A budget plan has been approved at a full meeting of the county council.
Councillors made the decision amid growing calls from councils nationally for the Government to make the sustainability of vital services a top priority in its Spending Review.
By the end of 2018-19 the county council will have secured more than £157m in savings, with a further £40.3m required in the next three years to meet a £197m austerity challenge by 2021-22 – an overall reduction of nearly 40 per cent in its spending power since 2011.
The savings plan approved today means council tax is to rise 4.99% for North Yorkshire.
This includes an increase in general council tax next year of 2.99% along with a 2% social care precept, making a total of 4.99%.
This is then followed by an increase in general council tax alone of 1.99% for each year thereafter up to 2021-22 to enable the authority to prioritise frontline services.
The overall 4.99% increase is equivalent to just over £5 a month for an average household or £1.20p per week.
The council has adopted plans to deliver £26m in savings over the next three years with a further £14m still to find. Nevertheless, despite these critical challenges, North Yorkshire continues to put its own resources into supporting priority services which are underfunded by central Government.
The county council accepted a £1.5m saving in the high needs budget for children and young people with special educational needs and disabilities, but is still investing an additional £11.6m of its own money over the next three years into the high needs block as government funding falls short of the level of demand. The council is making this investment to ease the pressure despite growing demand across all its services – adult social care, children’s social care, highways and transportation.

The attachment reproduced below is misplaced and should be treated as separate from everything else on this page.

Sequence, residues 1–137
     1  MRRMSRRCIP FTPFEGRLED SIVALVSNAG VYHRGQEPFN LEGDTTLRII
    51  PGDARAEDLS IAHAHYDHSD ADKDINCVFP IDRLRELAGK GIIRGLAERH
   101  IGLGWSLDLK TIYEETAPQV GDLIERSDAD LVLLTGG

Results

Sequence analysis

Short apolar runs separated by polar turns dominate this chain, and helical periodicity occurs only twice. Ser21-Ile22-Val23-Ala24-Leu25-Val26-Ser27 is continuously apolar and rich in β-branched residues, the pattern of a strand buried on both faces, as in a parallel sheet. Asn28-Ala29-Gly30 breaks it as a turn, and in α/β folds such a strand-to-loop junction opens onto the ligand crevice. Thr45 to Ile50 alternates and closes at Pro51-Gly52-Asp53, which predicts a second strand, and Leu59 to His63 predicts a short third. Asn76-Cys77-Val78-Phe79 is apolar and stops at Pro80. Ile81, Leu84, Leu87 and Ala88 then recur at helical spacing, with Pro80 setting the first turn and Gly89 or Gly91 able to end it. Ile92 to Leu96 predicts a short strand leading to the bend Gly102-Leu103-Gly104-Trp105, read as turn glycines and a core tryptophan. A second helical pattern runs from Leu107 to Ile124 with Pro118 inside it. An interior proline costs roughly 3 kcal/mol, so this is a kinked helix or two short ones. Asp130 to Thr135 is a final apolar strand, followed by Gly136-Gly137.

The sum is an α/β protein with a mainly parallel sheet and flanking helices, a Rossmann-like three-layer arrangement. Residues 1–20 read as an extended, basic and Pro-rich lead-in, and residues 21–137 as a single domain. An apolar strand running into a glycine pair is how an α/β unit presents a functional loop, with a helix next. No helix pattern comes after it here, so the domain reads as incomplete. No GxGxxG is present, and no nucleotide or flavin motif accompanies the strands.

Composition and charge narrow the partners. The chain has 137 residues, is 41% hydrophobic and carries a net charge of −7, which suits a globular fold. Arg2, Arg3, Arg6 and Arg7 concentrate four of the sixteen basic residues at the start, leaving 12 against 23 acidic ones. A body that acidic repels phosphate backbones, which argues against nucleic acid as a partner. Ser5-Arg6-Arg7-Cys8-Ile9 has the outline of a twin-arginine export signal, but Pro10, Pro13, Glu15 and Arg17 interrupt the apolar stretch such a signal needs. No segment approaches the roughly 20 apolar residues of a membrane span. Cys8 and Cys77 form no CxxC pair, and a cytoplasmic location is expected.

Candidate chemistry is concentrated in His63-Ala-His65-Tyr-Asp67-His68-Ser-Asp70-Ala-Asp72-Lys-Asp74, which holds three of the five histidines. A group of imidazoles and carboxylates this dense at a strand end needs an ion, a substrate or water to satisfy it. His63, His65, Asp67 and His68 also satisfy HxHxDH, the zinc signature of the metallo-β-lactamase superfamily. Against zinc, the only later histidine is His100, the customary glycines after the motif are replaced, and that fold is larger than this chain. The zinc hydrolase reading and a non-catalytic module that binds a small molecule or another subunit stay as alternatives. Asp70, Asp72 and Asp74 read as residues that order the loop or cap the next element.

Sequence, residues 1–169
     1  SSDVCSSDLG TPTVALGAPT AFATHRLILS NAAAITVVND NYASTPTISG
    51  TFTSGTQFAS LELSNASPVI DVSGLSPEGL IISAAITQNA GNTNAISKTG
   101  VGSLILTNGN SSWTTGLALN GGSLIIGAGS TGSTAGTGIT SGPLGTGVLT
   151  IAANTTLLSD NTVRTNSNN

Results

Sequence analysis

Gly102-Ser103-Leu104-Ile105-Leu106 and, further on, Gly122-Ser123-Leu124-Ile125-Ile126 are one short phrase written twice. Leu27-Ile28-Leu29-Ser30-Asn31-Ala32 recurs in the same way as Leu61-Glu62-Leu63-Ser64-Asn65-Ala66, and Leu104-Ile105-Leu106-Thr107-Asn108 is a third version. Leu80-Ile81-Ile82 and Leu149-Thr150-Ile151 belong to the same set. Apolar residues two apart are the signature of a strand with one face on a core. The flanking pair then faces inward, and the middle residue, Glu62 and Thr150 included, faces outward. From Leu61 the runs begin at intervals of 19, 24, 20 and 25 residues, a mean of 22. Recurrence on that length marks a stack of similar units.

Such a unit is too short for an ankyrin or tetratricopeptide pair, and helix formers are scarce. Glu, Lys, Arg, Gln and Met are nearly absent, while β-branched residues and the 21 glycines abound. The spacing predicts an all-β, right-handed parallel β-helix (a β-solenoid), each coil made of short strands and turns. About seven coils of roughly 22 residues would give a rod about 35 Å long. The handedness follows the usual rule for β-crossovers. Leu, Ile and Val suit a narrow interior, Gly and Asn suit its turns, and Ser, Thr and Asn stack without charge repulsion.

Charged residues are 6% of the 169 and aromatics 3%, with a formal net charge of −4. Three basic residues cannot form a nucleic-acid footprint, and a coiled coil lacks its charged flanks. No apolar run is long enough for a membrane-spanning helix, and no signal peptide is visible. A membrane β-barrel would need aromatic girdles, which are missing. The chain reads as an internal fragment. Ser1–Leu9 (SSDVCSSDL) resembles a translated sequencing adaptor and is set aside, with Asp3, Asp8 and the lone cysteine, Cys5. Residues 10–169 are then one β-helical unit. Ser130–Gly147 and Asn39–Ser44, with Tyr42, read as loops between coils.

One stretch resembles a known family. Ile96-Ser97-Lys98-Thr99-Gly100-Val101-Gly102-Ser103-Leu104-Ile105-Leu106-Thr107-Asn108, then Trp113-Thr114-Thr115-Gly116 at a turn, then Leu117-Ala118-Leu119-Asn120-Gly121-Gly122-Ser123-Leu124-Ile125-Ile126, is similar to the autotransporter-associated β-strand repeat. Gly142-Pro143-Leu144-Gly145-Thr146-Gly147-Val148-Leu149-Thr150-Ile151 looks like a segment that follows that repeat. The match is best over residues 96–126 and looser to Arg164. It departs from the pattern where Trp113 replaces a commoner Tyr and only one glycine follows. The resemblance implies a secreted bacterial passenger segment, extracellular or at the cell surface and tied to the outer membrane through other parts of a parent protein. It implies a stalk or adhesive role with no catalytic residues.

North Yorkshire County Council leader Councillor Carl Les said:
What we are seeing now is unprecedented demand in two key areas of our work – looking after vulnerable adults and providing for children with higher needs. I`m grateful to our MPs who have taken up this cause, and for Ministers who have listened and provided extra funds this year.
Hopefully these demands now recognised will find their way into the next Comprehensive Spending Review. This will be influenced by the Fairer Funding Review and again, through our MPs and the County Council Network, we have made our case for a redistribution of funding based on the costs of delivering services in a rural context. There are clear imbalances per head of population between Inner London boroughs, urban areas and shire counties, with us coming last.
North Yorkshire has a reputation nationally for its top quality and innovative services and sound financial management. We will continue to do the best we can for our communities, to deliver good education and social care for young and old, to keep the county on the move and support economic growth.
With responsibility for the welfare and education of more than 128,000 children and young people in North Yorkshire, the council spends £88m on children’s services each year, £22m of that on home-to-school transport alone.
The council also supports thousands of older people and younger adults, including people with learning disabilities, physical disabilities and mental ill health, as well as their carers. Adult social care services are delivered in numerous ways and include prevention, reablement and supporting people to live independently in their own homes as well as living in residential and nursing care.
The council spends almost £250m on public health and adult social care, supporting people to live longer, healthier, more independent lives.
More than £100m is spent each year on areas such as highways, winter gritting and waste and the council is responsible for one of the largest and most diverse road networks in England, covering 5,800 miles of roads and 1,630 bridges.
The council is also responsible for disposing of the household waste collected by district councils, processing 6,000 tonnes of black bag waste every week at the Allerton Waste Recovery Park.